Don’t Be Like Me – Aim Higher

By Garrett

Sep 22, 2015

I was on a call last week with a recruiter who works with financial planners, when she asked me:

“Why aren’t you asking for what you really want?”

I’d just finished detailing how I plan to eventually start my own financial planning/coaching firm where I help entrepreneurial-minded millennials achieve financial freedom and build a kickass life. Yet she noted that when I’d reached out to her, my email mentioned none of that. It was more like “Hey, I’m looking to connect with people in the industry as I’m getting my foot in the door, and would just like to pick your brain.” No specific details, no reason why I needed to talk to her specifically, no mention of where my passions lay, nada.

She was nice enough to talk with me regardless, and took the time to ask ME questions and dig into what I am really interested in. But that’s only because she was going above and beyond, especially based on how I’d reached out to her.

For reference, here’s how my outreaches usually played out:

  • By not being specific about my real interests, I ended up talking to people whose business models weren’t relevant to what I’m looking to build My generic and broad questions weren’t resonating with the type of people I actually wanted to talk to.
  • When I reached out to firm founders, they’d funnel me to their associates. My general questions didn’t HAVE to be answered by a firm owner, so they sent me to someone else.
  • I was subconsciously setting my goals lower by asking ‘easy’ questions, making it a longer process to get the info I really wanted to progress.

Since I felt embarrassed telling firm owners that I wanted to start my own firm (because of having zero experience in the industry) that fear made me lower my sights to what was ‘more reasonable’. It led me to shy away from connecting directly with firm owners, not ask them about how they started their business, and not getting questions about their approach/processes/systems answered.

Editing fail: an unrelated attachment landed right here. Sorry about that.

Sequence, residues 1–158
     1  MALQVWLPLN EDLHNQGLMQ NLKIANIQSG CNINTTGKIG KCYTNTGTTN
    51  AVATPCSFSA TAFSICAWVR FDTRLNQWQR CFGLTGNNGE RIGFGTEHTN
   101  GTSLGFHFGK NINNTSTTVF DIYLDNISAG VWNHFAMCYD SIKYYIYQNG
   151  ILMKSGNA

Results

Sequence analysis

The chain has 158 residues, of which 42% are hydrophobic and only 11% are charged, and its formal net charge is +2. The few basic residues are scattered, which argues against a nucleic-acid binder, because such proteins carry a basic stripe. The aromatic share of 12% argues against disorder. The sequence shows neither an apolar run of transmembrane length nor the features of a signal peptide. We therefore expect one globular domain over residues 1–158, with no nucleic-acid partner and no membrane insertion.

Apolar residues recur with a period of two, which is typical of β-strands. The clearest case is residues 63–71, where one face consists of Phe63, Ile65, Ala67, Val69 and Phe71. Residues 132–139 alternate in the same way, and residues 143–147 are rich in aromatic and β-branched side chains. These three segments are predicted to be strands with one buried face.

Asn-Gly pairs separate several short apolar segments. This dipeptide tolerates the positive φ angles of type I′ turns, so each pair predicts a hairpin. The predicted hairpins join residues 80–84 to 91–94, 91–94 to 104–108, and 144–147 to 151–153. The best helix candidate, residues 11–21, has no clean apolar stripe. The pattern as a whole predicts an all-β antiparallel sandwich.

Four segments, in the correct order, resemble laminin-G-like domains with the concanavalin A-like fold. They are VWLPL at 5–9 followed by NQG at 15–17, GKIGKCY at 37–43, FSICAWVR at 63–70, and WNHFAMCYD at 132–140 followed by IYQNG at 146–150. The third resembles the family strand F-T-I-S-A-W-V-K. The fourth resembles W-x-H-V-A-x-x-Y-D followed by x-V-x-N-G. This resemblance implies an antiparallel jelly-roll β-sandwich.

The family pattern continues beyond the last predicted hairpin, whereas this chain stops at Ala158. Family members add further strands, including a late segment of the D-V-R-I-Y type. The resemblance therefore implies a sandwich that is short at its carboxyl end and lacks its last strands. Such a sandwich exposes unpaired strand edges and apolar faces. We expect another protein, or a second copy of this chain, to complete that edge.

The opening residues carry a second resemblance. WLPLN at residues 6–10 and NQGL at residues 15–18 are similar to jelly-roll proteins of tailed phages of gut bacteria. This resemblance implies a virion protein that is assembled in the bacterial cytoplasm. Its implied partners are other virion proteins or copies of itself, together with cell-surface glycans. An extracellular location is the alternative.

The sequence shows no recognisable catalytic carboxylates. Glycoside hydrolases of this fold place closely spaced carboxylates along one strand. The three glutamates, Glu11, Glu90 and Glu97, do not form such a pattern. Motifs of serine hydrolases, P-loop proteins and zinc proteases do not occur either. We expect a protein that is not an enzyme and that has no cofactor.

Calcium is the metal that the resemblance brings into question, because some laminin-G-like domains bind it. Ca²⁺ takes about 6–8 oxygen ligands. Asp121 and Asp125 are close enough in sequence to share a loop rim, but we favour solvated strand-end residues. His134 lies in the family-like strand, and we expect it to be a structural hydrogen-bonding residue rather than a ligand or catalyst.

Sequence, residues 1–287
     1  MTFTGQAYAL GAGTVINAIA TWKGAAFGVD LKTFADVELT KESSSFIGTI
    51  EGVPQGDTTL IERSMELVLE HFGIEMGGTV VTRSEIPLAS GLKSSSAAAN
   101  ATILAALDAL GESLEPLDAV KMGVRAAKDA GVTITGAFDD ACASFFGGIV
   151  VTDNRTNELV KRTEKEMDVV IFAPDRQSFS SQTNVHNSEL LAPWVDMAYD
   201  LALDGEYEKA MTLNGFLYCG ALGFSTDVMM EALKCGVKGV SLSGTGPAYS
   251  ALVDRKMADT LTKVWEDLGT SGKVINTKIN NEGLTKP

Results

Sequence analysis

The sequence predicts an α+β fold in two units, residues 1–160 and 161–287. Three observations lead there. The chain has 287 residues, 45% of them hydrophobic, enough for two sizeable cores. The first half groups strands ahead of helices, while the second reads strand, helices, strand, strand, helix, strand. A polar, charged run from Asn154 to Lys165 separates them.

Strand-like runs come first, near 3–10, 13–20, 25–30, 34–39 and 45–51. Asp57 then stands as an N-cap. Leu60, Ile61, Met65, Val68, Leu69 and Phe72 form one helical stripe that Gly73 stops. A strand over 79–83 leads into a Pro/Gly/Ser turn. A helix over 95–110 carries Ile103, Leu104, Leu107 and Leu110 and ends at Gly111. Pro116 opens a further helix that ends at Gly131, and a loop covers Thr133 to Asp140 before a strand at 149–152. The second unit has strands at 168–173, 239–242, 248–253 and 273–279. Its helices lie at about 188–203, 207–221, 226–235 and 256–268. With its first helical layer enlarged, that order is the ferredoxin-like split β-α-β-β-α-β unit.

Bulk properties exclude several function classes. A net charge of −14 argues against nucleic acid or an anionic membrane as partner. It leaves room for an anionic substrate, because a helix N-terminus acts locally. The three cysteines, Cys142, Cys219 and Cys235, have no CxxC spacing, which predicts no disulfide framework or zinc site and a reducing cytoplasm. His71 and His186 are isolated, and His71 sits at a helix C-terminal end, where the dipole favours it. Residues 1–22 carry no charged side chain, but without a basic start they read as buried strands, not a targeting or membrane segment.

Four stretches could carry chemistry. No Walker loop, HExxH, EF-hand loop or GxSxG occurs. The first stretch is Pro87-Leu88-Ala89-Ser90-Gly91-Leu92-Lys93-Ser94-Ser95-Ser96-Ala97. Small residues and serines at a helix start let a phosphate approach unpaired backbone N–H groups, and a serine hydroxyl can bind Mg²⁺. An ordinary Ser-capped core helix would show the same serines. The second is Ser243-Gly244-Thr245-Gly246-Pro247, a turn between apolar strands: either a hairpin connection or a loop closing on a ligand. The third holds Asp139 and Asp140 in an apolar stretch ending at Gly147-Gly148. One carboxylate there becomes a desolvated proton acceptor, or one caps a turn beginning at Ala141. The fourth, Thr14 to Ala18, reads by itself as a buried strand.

Also, because most of the people I talked to weren’t entrepreneurial, they actually recommended that I DON’T go out on my own, don’t try new business models, don’t go after a younger demographic that “is just not worth the time because they can’t be profitable” (real quote). My broad questions had found me people who had never done what I want to do, who gave answers that weren’t relevant, had outlooks that weren’t in line with mine, all of which lowered my expectations of what I thought I could accomplish.

So how do you avoid falling into the trap above like I did? I asked the recruiter, as well as some life coaches I hung out with recently at a retreat on a private island in Bermuda (not-so-humble-brag alert), and here are their tips:

  1. Identify your goals and the questions you need answered to help you progress.Write them down – even the ones that make you uneasy because they’re embarrassingly large and you have no idea how to accomplish them.
  2. List any fears you have that come along with these goals.It could be the fear of sounding stupid, fear of people telling you no, fear of being judged by others (my big bugaboo), etc. Seeing these on paper will help you see where you’re subconsciously allowing yourself to fall short.
  3. Find the people who can answer your questions and reach out.And don’t rule out anyone, no matter how important or busy they may seem. A friend from high school got a meeting with the founder of Craigslist simply because she said “I love what you have done, this is what I’m looking to do, can I take you out to coffee and learn from you?”
  4. Figure out how to help the person on the other side of the table/phone/interwebs. It can be as little as forwarding them an article you think they would like. Don’t just ask for help without providing value in return.
  5. Show gratitude.If someone helps you, thank them immediately. And follow up down the road to let them know how their input has tangibly helped. I find setting reminders months out (I use a CRM, but Apple’s Reminders works great too) is a great way to remember to double back and acknowledge people long after that initial touch point.

In order to hold myself accountable to you all, I’m now reaching out specifically to people who have started their own financial planning firms working with millennials, and asking them how they set-up their business, the technology they use and the systems/processes they’ve put into place. I’ll keep you posted on how that goes!

Now something for you guys: Think about a goal (either personal or career wise) that you have, but maybe haven’t taken as many steps towards achieving them as you’d like. Then write/text/call and let me know how setting your sights higher, finding the right people and asking the questions that can help you progress towards that goal.

Trust me, it helps to have a sounding board and accountability buddy, and I’d love to be that somebody.

Garrison Ford

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